Gay-positive cultural events appeared on campus, including The Laramie Project, a play about the real-life killing of gay college student Matthew Shepard in Wyoming. Lesléa Newman, the author of Heather Has Two Mommies, presented the 2011 Starshak Lecture on campus.

Predictably, McAdams responded to all of these progressive developments with a vitriolic sneer, proudly positioning himself as the Vatican’s unofficial on-campus representative. His efforts always received kudos from the right, particularly from the angry white men who listen to local hate radio.

So it’s not surprising that McAdams was taken aback by the university’s reaction over his latest anti-gay attack. On his blog, he acknowledges that he expected to get in more trouble over his statement that “feminists grossly exaggerate the incidence of campus date rape” than over Abbate.

Perhaps Marquette has simply had enough of McAdams’ divisiveness, his endless needling of colleagues and minority groups, his lack of collegiality and tolerance for secular thinkers.

The university has changed considerably during his 30 years there. Most recently, it named Michael Lovell, the highly praised former chancellor of UWM, as its first layman president. Has Lovell, who backed equality during his tenure at UWM, decided to clean house?

Marquette, the state’s largest private university, got quite a scare over its rescission of O’Brien’s contract. The censure it faced over the incident would have jeopardized its hard-won stature as a major research university.

Maybe Marquette’s new leadership is more interested in focusing on academic leadership and providing a quality education than in standing in the way of social progress. Maybe the distraction that is John McAdams has finally become too big a thorn in the side of the university’s future.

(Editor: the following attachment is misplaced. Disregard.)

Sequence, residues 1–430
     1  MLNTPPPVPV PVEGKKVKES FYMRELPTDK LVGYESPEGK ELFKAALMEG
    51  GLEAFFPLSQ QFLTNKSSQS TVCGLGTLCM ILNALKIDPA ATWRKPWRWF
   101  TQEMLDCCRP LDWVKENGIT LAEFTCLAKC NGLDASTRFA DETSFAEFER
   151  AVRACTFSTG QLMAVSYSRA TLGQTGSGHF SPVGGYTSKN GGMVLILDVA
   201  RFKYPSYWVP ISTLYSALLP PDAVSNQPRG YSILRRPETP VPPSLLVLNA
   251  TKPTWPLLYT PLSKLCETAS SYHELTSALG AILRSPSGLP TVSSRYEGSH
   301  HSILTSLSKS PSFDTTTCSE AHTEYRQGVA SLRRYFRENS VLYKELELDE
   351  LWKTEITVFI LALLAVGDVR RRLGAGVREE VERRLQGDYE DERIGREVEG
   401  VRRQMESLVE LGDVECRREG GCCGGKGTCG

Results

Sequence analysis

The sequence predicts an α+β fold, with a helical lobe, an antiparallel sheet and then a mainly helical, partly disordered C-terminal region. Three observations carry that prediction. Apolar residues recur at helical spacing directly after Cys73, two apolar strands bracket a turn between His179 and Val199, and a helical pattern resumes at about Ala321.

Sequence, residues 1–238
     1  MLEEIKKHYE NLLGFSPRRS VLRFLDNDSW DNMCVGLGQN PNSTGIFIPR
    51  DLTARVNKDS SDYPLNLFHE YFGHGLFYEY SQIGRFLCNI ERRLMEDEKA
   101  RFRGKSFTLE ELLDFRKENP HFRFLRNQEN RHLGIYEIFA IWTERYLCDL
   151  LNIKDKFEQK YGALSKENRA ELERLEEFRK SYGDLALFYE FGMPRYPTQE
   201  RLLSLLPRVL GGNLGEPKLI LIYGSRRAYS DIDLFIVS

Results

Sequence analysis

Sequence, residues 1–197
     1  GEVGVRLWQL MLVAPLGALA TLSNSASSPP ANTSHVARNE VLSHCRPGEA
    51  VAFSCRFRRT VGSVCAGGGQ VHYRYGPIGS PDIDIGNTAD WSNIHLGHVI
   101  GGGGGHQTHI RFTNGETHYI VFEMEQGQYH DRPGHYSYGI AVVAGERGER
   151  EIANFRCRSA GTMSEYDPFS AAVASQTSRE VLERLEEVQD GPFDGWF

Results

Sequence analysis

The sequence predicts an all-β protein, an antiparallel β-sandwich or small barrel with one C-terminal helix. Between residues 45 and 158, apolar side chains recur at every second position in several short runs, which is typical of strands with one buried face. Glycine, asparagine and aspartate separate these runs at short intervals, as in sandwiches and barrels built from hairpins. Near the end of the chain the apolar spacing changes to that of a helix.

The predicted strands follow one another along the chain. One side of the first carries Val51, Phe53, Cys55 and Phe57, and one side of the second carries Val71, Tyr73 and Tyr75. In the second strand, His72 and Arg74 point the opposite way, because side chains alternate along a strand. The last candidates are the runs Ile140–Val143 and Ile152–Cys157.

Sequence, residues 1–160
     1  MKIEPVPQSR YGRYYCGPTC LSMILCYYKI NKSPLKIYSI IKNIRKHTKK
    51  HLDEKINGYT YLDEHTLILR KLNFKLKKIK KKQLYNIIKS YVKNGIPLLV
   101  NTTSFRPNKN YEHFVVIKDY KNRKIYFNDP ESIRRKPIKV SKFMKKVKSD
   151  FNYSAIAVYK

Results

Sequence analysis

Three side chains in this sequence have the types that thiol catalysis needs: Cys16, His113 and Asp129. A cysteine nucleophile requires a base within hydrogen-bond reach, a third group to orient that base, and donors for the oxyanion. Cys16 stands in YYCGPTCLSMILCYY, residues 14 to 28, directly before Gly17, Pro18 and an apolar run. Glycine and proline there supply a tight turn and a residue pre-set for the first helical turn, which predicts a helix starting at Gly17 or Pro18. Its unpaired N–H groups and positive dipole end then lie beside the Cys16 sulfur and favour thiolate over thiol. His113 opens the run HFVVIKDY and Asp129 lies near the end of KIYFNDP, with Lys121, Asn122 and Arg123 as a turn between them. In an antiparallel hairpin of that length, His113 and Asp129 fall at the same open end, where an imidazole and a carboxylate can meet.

Or maybe the university simply wants to receive attention for scholarship instead of backward political vitriol that makes it harder for academics there to be taken seriously.

Pope denounces euthanasia as ‘sin against God’

Pope Francis denounced the right to die movement on Nov. 16, saying it’s a “false sense of compassion” to consider euthanasia as an act of dignity when in fact it’s a sin against God and creation.

Francis made the comments to the Association of Italian Catholic Doctors.

Earlier this month, the Vatican’s top bioethics official condemned as ‘’reprehensible” the assisted suicide of an American woman, Brittany Maynard, who was suffering terminal brain cancer and said she wanted to die with dignity.

Francis didn’t refer to the Maynard case specifically.

While denouncing euthanasia in general, he also condemned abortion, in vitro fertilization (or “the scientific production of a child”) and embryonic stem cell research (or “using human beings as laboratory experiments to presumably save others.”)

“This is playing with life,” he said. “Beware, because this is a sin against the creator, against God the creator.”

While shying away from hot-button, culture war issues such as abortion, Francis has spoken out frequently about euthanasia. He considers the assisted suicide movement as a symptom of today’s “throw-away culture” that views the sick and elderly as useless drains on society.